The Beginner’s Guide to Winning an Election

The Beginner’s Guide to Winning an Election ISBN: 9781732511705 Moot Point Productions, copyright and written by Michael R. French.

The author has presented an ‘on-the-surface appearing’ simple story that follows a very intelligent young high school student with strong moral principles but totally naïveté with respect to politics as she challenges the charismatic favorite young man for election to the student body presidency. This seemingly impossible task appears even less attainable when she, with a team of only a few friends, actually realizes that her opponent’s team is a very successful, well-oiled machine that has been successful for some time. She has one other person to whom she listens intently and absorbs his lectures – the school’s rather revered history teacher who for several generations has been providing sensible advice along with his presentation of the importance of history as it repeats and is interpreted by one generation after another. Through his teachings and advice, complete understanding and approval by her parents, most intelligent decisions, AND unexpected information provided by an unknown cyber expert, she discovers that the success of her main opponent may not be simply because of he and his team’s abilities. Instead, he and his group are supported and secretly funded and advised by an organization that ostensibly has been established to aid struggling educational programs, but has another agenda in mind. When she ultimately makes great advances in her campaign, the organization approaches her with offers extremely difficult for her to turn down and the story continues to an interesting finale.

Discussion: The author has an excellent understanding of politics, its deceit, betrayal, treachery, intrigues, lying and often present, exhibition of blatant but more usually hidden, personal greed and other less worthy aspects of human thought patterns. Additionally his understanding of teen age children and their need to adjust to individual physical and mental changes while simultaneously attempting to deal with their peers in an environment that frequently can be surprisingly cruel, is quite admirable. He has set forth a story that provides an honest look at politics while stressing the importance of history, a much ignored important feature of today’s education, and coincidentally has provided a protagonist who projects strong moral courage and tenacity of purpose to overcome purportedly unbeatable odds and ‘make a difference’.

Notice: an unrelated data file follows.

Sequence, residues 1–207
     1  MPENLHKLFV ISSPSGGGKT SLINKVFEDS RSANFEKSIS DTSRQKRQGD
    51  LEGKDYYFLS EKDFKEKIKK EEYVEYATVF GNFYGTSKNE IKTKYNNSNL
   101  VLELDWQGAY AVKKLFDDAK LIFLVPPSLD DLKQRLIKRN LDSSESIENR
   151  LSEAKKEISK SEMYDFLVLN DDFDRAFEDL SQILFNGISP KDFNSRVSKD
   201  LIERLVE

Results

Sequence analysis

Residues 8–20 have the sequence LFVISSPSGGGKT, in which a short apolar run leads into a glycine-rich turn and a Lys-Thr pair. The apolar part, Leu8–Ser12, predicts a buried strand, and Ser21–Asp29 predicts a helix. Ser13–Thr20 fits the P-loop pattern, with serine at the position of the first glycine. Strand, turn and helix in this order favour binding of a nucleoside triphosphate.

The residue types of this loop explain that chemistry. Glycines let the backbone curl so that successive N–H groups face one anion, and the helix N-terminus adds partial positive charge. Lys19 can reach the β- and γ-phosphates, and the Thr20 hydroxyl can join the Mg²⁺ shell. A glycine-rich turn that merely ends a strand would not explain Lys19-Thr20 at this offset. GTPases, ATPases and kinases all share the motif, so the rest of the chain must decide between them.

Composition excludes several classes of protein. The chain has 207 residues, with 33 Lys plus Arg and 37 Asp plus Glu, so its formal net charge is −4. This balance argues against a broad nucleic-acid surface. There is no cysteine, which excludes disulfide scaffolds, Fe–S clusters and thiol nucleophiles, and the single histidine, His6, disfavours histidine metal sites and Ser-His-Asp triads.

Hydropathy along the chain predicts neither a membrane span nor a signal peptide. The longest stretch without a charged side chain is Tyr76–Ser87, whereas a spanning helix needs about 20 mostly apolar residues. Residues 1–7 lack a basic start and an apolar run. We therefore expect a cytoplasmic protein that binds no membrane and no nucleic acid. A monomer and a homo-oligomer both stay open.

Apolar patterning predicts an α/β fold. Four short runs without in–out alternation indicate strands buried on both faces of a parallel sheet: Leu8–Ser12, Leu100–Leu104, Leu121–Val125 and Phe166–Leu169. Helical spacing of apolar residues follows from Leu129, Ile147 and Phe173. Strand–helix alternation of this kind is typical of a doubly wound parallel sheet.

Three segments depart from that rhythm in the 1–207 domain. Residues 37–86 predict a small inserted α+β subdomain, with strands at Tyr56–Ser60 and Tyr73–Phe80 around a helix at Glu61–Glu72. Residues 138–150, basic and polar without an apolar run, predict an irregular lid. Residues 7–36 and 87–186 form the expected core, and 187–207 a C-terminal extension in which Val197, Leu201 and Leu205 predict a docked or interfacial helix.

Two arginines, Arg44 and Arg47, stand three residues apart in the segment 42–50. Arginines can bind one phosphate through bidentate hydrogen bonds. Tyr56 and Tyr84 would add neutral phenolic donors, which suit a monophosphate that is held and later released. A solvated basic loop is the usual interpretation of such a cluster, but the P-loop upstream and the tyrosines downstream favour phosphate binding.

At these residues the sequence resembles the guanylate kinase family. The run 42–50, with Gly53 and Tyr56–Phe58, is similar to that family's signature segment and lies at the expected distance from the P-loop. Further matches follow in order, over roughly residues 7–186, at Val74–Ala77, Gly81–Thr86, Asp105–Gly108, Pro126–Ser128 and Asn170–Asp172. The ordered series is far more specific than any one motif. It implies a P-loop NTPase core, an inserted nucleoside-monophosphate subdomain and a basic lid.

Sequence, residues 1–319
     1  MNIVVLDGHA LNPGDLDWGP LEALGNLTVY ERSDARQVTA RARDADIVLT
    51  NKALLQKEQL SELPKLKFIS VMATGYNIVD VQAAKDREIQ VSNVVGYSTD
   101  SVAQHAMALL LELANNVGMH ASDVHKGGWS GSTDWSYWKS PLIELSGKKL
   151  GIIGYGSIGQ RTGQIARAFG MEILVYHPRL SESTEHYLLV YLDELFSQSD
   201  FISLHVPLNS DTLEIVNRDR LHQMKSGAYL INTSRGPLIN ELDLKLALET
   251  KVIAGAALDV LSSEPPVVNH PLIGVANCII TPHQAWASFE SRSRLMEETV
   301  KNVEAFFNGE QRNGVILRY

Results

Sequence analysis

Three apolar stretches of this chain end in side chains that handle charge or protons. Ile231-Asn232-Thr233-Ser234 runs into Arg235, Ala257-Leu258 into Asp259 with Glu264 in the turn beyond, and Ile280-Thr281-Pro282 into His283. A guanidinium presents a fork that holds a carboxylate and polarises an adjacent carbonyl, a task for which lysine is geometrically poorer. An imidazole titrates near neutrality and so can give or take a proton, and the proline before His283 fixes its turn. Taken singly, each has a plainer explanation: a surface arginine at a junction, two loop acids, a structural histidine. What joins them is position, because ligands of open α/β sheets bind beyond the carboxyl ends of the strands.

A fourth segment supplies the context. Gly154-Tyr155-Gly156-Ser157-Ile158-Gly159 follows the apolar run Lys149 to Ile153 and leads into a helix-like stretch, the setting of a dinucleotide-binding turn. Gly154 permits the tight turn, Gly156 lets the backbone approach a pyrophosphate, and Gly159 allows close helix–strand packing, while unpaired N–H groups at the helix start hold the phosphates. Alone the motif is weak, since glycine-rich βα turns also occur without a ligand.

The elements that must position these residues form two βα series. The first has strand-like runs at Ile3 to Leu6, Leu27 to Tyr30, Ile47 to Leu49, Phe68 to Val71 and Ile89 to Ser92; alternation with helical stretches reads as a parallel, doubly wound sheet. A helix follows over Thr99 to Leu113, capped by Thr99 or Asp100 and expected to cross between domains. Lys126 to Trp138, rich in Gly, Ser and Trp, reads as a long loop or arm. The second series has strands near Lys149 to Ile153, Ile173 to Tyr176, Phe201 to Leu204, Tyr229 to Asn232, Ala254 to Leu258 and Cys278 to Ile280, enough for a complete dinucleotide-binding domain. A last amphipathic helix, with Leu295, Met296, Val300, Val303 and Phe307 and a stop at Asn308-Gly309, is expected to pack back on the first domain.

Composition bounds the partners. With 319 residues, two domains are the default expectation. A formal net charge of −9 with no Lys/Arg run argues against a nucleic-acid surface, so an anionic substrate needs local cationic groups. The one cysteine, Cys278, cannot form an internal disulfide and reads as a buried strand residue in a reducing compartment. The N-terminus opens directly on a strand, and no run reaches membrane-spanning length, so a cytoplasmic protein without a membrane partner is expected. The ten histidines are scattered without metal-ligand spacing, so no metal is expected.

Summary: This is a fast moving, well-written story that those in their teens should thoroughly enjoy. Coincidentally, this book could be of interest to adults for the parallel it describes with respect to the horribly broken political system presently extant within the U.S. and perhaps could serve as a tool to be employed by teachers of young, and near adult, students.

5* A book young adults should enjoy and adults read – see discussion.

 

You Owe Me

You Owe Me, a mystery/thriller copyright, assumed published in e-book and written by Kerry J. Costello.
Plot: An American Serviceman saves the life of a British counterpart in an unusual situation during their mutual service in Iraq in 2003. It is a deed performed in passing with neither having previous knowledge even of the other’s existence. The ‘saved’ Frankie Armstrong, overwhelmed with gratitude, tells the American, Joe Nelson ‘He owes him and to call whenever he is in need”. In March of 2017 he receives a call from Joe, now the owner of a boat yard in Naples, FL, opening with “And remember the very last thing you said to me when we last met?” Frankie responds with “I remember I said I owe you if that’s what you mean?” He is answered in the affirmative simply pressuring him to come to Florida to help him find his young nephew Billy Ray who, with his friend Jerry are treasure-seeking divers, but has disappeared without a trace. Frankie, after drifting rather aimlessly for some period of time, joins with army buddie Derek Barnes (Barnsie), to become co-founders of a security agency in GB. He seems to be financially secure, his much-loved wife Penny has just left him for another woman and he is contemplating suicide. The call actually provides an opportunity for him to reconsider. He travels to Florida, meets Joe and begins his search. It seems the nephew, besides diving, also is quite a Lothario and has absconded with the wife of a notoriously vicious and extremely wealthy mobster and is assumed to be somewhere in hiding. The tale continues from this point, gradually building to a satisfying climax with all loose strings gathered together.
Discussion: The author has set forth an interesting fictional take on some historical facts. The resulting plot rambles a bit but offers sufficient interesting aspects to make the reader want to continue through to the end. From this reviewer’s perspective it should be of greatest interest to those who enjoy plot-based stories. Again perhaps for this reader alone, the characters are not particularly well-developed and it is most difficult, at least for this reader, to develop much empathy with other than unfortunately rather distasteful ones for Joe for reasons with which the reader may or not concur. Additionally, judicious editing would present a more coherent tale with far less repetitive material. So, to reiterate, this is a very imaginatively developed story that once begun, begs to be finished.
3* 4* imaginative story; 3* for flaws as described.